But, in fairness to Snipes, he had just delivered two financially successful, moderately budgeted franchise films both of which featured him as the sole lead. Then David Goyer's Blade: Trinity rolls around and makes him share the movie with not one but two other vampire killers, both of whom get extensive screen time. It was a franchise getting taken away from the very performer who made it a success, so why give 100 percent? But Snipes and the cookie cutter Hannibal King (Reynolds) and Abigail Whistler (Jessica Biel) aren't the only problems.
The script is a little more interested in Biel's Whistler than anyone else, which on one hand is logical considering she's the daughter of trilogy fan favorite character Abraham Whistler (Kris Kristofferson), but on the other hand, it makes the movie feel very much like a passing of the torch narrative instead of a fitting conclusion (or even just a fitting entry) for the title character. But, audiences weren't even done with Blade yet, nor was Snipes, so perhaps a lighter touch would have been best. Include the younger Whistler and have Blade take on a mentorship role. In other words, there's an argument to be made that Blade: Trinity shouldn't even be one of Reynolds' comic book adaptations at all.
X-Men Origins: Wolverine may not have the best reputation by this point, but it did well kicking off the 2009 Summer movie season. This is especially true considering, one, it leaked online ahead of time, and, two, its quality is genuinely pretty low. But Hugh Jackman's star power was enough to get the film made and distributed on a massive scale and, while he's good, the movie itself is an ugly slog.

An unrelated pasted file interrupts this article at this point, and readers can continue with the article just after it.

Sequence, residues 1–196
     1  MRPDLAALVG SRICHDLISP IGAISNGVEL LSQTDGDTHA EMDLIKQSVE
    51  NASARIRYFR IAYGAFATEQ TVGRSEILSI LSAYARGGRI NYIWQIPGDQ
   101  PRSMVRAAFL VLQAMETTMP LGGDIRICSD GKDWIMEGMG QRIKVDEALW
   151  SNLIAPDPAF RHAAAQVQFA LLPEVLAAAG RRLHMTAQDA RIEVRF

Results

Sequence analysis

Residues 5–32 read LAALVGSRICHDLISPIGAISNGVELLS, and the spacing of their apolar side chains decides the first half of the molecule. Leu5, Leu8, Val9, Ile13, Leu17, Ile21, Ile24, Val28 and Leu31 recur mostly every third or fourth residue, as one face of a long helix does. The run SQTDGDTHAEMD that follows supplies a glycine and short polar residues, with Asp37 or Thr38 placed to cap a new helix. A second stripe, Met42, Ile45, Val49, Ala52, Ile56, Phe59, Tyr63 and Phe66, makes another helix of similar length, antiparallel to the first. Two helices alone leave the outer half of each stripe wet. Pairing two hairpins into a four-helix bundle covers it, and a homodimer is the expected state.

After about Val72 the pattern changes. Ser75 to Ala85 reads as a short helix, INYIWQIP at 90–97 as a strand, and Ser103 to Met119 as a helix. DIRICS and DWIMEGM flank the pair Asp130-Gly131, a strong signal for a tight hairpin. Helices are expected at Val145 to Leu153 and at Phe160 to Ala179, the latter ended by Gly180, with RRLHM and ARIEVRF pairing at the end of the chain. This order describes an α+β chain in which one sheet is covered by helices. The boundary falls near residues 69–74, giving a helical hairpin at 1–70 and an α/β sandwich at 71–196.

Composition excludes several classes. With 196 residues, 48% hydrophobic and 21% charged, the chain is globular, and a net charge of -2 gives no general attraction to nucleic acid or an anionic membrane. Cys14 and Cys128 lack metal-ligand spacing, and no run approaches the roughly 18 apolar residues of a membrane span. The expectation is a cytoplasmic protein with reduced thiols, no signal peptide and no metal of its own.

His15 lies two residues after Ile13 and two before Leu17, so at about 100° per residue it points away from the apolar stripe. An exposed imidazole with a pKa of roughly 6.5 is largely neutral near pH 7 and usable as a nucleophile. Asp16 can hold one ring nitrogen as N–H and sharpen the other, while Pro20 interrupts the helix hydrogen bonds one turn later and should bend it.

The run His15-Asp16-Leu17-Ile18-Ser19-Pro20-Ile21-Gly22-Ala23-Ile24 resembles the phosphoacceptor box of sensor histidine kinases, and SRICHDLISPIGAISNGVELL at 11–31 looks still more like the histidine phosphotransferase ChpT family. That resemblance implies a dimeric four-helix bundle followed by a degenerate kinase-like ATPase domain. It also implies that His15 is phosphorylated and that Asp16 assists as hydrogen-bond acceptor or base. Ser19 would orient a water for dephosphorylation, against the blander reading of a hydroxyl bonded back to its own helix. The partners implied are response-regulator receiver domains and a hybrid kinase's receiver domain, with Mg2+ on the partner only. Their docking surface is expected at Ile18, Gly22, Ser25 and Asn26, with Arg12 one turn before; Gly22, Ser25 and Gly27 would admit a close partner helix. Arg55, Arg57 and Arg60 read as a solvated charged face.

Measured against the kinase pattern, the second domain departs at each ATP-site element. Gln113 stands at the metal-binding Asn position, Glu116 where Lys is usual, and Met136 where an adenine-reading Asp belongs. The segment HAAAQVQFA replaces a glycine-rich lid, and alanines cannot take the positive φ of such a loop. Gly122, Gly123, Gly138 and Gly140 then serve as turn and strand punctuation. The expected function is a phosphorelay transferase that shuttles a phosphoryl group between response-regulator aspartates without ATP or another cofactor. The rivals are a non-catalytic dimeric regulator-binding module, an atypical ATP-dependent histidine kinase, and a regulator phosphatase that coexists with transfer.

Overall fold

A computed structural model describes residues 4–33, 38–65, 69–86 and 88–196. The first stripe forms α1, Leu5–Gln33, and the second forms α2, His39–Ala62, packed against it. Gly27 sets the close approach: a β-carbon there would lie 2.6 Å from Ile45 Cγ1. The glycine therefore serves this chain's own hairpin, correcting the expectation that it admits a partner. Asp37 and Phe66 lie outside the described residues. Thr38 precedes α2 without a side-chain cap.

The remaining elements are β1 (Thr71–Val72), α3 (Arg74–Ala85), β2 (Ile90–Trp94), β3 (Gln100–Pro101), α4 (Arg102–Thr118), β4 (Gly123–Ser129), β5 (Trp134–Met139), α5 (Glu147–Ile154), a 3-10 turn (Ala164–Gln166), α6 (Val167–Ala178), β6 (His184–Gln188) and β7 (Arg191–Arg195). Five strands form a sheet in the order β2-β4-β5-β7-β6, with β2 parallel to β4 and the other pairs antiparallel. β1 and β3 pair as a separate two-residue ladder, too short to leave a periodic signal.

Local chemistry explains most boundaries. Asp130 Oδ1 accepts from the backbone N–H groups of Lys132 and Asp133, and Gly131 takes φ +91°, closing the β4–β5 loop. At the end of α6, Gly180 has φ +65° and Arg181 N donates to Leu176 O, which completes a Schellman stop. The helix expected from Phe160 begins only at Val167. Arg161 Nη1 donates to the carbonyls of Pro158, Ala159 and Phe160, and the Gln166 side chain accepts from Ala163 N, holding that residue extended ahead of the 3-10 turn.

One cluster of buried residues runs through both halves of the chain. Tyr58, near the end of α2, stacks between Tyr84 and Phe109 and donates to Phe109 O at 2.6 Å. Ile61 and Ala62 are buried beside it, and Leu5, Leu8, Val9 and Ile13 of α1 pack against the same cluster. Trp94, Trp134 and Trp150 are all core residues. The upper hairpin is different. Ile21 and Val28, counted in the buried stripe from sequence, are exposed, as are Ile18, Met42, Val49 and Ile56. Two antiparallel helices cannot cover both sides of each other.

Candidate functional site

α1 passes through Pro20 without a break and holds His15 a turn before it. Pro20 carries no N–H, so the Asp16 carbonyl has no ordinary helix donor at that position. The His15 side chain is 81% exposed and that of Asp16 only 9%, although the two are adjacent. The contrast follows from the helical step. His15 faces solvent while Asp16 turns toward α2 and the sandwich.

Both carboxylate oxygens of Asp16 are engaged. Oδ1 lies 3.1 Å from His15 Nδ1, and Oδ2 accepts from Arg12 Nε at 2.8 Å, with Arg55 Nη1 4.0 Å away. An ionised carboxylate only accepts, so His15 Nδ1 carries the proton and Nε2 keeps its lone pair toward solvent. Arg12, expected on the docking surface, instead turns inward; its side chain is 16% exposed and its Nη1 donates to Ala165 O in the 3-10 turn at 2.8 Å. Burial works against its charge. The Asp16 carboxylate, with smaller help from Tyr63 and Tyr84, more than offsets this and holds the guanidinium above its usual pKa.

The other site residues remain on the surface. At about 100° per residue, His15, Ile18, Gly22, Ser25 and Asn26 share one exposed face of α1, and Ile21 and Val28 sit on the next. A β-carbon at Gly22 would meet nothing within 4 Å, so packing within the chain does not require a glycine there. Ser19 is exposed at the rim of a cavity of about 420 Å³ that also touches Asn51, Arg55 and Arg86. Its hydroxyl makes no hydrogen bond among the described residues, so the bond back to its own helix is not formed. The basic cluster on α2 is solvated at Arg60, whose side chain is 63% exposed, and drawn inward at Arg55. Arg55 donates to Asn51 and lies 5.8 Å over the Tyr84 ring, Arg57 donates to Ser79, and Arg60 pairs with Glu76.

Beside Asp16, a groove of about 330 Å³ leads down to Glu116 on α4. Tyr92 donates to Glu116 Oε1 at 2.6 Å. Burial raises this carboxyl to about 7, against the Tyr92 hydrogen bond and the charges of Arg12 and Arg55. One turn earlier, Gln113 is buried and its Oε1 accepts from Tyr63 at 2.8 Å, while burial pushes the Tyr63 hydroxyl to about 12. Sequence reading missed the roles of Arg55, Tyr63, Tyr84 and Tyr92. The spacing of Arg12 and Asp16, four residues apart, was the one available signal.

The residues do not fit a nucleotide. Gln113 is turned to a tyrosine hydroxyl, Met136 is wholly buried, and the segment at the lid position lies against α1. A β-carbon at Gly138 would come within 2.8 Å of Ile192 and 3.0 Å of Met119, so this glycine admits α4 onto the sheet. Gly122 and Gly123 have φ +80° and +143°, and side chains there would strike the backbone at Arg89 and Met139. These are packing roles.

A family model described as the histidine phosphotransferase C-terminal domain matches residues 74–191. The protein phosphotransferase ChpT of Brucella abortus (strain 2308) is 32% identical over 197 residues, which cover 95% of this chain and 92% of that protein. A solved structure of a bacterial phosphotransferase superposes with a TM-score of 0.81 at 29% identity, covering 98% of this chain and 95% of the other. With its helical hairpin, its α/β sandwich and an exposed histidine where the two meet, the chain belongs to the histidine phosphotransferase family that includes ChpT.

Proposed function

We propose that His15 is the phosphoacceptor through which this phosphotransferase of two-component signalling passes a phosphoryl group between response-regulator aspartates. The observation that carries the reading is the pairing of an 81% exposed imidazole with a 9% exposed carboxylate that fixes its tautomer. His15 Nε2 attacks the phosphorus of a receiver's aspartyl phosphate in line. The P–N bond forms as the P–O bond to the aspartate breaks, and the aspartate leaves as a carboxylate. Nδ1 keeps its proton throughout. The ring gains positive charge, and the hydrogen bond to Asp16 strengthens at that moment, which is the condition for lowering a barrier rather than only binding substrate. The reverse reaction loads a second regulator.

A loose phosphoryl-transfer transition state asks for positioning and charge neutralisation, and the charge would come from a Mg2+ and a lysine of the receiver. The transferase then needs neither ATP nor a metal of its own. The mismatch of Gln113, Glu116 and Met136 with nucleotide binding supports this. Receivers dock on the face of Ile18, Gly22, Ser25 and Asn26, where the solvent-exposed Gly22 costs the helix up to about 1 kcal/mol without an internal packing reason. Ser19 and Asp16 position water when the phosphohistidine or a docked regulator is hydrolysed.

Or, as Reynolds would put it, the movie's critical failure is Jackman's fault and Jackman's fault alone. And the two stars' endearing friendship is telling when it comes time to analyze Origins' impact. The movie itself is skippable, and Reynolds' Deadpool is relegated to a few tame quips and CGI-fueled action sequences, but the friendship it led to, not to mention the creation of the true Deadpool (and Jackman's subsequent MCU-based reintroduction as Wolverine), will last forever.
It took director Martin Campbell four years to follow up on his success with Casino Royale. And, when he did, he did so with the one-two punch of 2010's Edge of Darkness and 2011's Green Lantern. After the latter film, Campbell would go on to take another six-year break, and the generally unfinished-feeling DC film is self-evident as to why.
It's not that the movie is terrible, it's just that it's bloated and doesn't seem to know what decade it was made in (it feels much more of the era of Sam Raimi's original Spider-Man). It's all a very average origin story with Reynolds' Hal Jordan coming across as cookie cutter, but at least he comes across better than the shrieking Peter Sarsgaard as underdeveloped antagonist Hector Hammond.